Tomorrow: 28th Women’s Meijin League starts; Japan eliminated from TV Asia Cup; New women’s tournament with biggest prize; Death of Cho Chikun’s wife.
Sunday August 30, 2015
Forty two go players signed up for the Mexican Open, a three-day, six-round tournament this weekend which is the main event of the second Coloquio de Go, or Go Congress, in Mexico City. “Enthusiasm for go is much newer in Mexico than in the United States, but they have a bright future with indefatigable organizer, registrar and TD Emil Garcia,” reports Steve Burrall. Garcia (seated in blue shirt) is also a very strong player, who placed sixth in the recent Prime Minister’s Cup. Saturdays’s two rounds were followed by a lecture from Myungwan Kim 9p on a game he played with Lee Sedol that was a watershed event in his go playing career. Kim then played a simultaneous match with 12 local players. The photo at right, the view from board #8 in the tournament room, shows the ruins of Tlatelolco, a former pyramid transformed into an adjacent church by the Spaniards.
- report/photos by EJ Special Correspondent Steve Burrall
Thursday August 27, 2015
The Mexican Go Association is holding its second Go Congress this weekend, August 29-31 at Centro Cultural Tlatelolco in Mexico City. The main event in the Congress is the second Mexican Go Open Tournament with total cash prizes of 9,000 Mexican pesos. Go and Origami workshops along with a 13 x13 blitz tournament and Hikaru No Go screening will take place for youngsters and the Myungwan Kim 9p will provide lectures, game reviews and simultaneous games, said MGA President Emil Garcia. USA and Europe are making great efforts to develop go in their regions, with Congresses and pro qualification, said Garcia. “Mexico and Latin America shouldn’t lag behind.” Click here for the Congress site; during the Mexican Open, players can follow top-board games on KGS through the GoMex1 and GoMex2 accounts.
Tuesday August 25, 2015
The inaugural American Chang Qi Cup, scheduled for September 26-28 at Harvard University in Cambridge, MA, is shaping up to be an exciting event, and over 100 players have already registered.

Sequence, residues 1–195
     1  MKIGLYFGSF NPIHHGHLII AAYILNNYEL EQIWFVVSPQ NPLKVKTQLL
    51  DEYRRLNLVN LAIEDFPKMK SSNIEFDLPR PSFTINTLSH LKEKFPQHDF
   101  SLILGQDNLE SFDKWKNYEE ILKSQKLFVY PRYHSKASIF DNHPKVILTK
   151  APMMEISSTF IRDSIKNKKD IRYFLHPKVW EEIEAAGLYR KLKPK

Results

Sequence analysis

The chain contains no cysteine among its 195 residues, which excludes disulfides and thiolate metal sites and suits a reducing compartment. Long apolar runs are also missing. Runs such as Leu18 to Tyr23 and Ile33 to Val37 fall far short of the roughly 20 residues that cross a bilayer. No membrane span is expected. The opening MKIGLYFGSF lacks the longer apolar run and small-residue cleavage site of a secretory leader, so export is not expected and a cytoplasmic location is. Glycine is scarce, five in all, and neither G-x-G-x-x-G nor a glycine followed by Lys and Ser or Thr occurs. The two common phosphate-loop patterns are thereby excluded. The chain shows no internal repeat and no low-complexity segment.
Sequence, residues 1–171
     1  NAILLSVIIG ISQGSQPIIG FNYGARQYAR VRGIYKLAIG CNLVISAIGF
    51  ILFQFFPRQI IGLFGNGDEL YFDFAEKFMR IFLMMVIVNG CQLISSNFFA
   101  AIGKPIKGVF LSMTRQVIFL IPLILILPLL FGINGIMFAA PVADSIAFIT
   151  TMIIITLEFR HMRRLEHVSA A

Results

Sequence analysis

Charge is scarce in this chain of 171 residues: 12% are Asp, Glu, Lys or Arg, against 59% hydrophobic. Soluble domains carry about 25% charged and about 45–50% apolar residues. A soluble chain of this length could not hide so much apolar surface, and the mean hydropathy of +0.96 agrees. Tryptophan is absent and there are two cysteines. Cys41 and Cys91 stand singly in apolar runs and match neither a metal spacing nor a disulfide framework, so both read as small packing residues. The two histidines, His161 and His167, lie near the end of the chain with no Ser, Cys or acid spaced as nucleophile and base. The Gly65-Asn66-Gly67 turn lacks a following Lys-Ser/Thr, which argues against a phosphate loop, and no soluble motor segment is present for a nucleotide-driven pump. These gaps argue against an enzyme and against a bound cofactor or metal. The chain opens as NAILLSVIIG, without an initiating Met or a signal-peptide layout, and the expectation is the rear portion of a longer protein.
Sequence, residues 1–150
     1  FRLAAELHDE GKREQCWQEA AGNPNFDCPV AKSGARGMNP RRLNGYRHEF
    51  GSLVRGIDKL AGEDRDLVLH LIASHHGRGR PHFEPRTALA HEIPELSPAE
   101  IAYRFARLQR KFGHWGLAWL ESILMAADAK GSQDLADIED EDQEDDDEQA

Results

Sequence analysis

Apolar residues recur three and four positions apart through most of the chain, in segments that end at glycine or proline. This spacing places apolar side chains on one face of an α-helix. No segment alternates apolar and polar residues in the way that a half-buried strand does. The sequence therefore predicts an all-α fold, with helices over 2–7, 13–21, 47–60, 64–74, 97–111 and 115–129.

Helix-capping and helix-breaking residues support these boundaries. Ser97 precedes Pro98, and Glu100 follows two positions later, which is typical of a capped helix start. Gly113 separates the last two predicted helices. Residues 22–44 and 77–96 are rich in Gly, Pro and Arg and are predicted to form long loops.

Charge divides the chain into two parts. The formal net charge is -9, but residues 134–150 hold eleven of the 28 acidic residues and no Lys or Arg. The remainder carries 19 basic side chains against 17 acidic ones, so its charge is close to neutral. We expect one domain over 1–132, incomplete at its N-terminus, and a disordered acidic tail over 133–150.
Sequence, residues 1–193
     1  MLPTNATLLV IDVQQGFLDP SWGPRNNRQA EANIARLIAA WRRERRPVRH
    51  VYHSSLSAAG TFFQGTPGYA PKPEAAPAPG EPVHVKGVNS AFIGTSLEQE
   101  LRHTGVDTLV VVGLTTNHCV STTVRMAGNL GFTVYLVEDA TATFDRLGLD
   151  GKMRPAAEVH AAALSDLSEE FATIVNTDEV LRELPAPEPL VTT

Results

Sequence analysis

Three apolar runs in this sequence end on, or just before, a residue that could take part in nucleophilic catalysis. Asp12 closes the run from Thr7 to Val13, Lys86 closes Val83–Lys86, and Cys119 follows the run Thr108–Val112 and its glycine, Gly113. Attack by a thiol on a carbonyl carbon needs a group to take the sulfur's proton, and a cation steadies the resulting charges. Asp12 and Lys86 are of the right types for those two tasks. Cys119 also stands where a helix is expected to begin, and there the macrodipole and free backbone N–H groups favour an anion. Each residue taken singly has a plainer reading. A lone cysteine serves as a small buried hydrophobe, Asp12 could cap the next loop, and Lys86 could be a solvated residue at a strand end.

The 2015 Chang Qi Cup is the first time that the semi-finals of an international professional tournament will be held in North America. Four top pros from China will compete for a berth in the Chang Qi Cup finals. This event will also include the inaugural American Chang Qi Tournament, an AGA-rated tournament with significant cash prizes. The American tournament features a top prize of $4,000 for the open section, and generous prizes for all division winners.
Hosted by the American Collegiate Go Association (ACGA) and the Shanghai Ing Foundation, special activities are planned, including the Tsumego Challenge, in which competitors solve rapid-fire go problems for small prizes. And for participating college students only, there will be an extra event: free bowling on Saturday night. Similar to the AGA E-Journal’s expanded video coverage at this year’s US Go Congress, local organizers are planning complete coverage of the event through video streaming. Professional commentary on the Chang Qi Cup games, commentary on the top boards of the American tournament, and even special interviews will all be broadcast.
Hotels for the weekend are filling up quickly, so the ACGA urges registrants to book soon. Visit the website for details and registration.
Sunday August 23, 2015
Take Go Congress Survey, Win Prizes: The US Go Congress is the single biggest go event in North America each year, drawing hundreds of go players from across the country for a week of go events. Whether you’ve attended a Congress or not, Congress organizers would like your opinions on a few basic questions so that they can make future Congresses even better. Click here to take a brief survey; participants will be eligible for go prizes!
Got US Open Games? Make sure your US Open games are part of the tournament’s permanent record: send in your US Open game records and we’ll add them to the official crosstab (thanks to everyone who’s already done so!)
Email them to us at email@example.com